But to entertain this argument that is largely discredited by repeated studies, if there are “some” people who are good, who are teachers, lawyers, managers, electricians, mechanics, doctors, then is that not a good thing? If they can prove over the course of 5-plus years to be promising and upstanding members of the local society by following all the legal regulations, then that is surely worth commemorating. Yet the current sociopolitical consideration of (im)migration doesn’t quite allow for it; it is certainly not accounted for in regular sales. In fact, the easiest way to purchase a citizenship-themed card is online, and while many people argue that most things are purchased online, when was the last time anyone purchased a card in any other place than a store? Cards are the things you forget about until you’re going to a party or event, so you stop at the nearest pharmacy, purchase from a slim variety, and sign and seal it in the car before arriving.

I would think that as Americans, if we are to bestow the title of “citizen” onto someone who has worked hard, proven to be an upstanding member of society, and endured a long wait, the least they deserve is a proper card.

James Welsh


Rhode Island College


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I don't believe I've ever read a dumber letter to the editor in my life. This is your concern? No hallmark card for a naturalized citizen? If there is a big market, become a capitalist and be the first to make them. Moron.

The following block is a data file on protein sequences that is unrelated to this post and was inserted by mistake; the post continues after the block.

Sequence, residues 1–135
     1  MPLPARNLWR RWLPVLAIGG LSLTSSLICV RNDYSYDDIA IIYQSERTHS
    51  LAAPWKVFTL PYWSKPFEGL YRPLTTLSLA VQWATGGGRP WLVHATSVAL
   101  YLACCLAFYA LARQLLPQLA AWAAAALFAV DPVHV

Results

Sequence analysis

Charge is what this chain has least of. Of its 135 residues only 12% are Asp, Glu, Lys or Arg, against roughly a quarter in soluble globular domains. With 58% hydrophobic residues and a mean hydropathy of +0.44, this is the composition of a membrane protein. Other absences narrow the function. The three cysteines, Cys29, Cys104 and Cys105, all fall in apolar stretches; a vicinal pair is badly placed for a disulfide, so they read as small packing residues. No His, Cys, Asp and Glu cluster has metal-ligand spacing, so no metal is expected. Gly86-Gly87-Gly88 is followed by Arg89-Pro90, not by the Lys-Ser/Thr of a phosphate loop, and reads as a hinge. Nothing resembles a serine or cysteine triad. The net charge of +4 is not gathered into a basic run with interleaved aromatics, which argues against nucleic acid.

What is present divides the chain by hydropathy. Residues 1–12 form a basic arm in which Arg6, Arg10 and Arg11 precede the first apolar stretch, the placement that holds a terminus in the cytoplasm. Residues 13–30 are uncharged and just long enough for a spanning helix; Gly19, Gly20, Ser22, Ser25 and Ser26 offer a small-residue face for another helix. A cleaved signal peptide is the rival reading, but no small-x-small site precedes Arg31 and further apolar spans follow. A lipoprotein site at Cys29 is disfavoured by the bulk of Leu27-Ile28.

Wednesday, October 30, 2019

Do you not have anything else to worry about? I bought a new skirt yesterday. There are no Hallmark cards for that either.

Dumbest Letter Ever.

Wednesday, October 30, 2019

Your assumption that supporters of the President and believe in Capitalism are against immigration is at best showing you know very little about what is actually going on. Do you not believe there are bad people coming over the border?

Illegal immigrants and those trying to literally invade the country are a problem. No other country on this planet allows as many immigrants in as we do. Before you come down on me for using the word "invade" legal immigrants are coming here to be U.S. Citizens, invaders aka illegals aren't giving up their country and are coming to rape and pillage. As shown in the "caravan" when they're carrying foreign flags to our border. In some of these countries kidnapping is a business.

Mr. DeSilva made a choice to come here, no one forced him to. He obviously believes its better for him here than in Brazil and was willing to sacrifice what was necessary to get here and become a citizen. I congratulate and welcome Mr. DeSilva to our and now his country.

You seem to complain that we don't recognize his Brazilian credentials. So? Why should we? Europe doesn't recognize your driver's license either. Will Brazil recognize your U.S. credentials? Does Brazil just let you in?

As for the card, you stated this is a capitalist society. You have found what is possibly a money making opportunity, "Cards for New Citizens". Just think if you can produce, distribute and sell a million of them and make a profit of $1 each. You will be a millionaire.

The U.S. is great and that's both why people want to come here and why it must be protected.

Saturday, November 2, 2019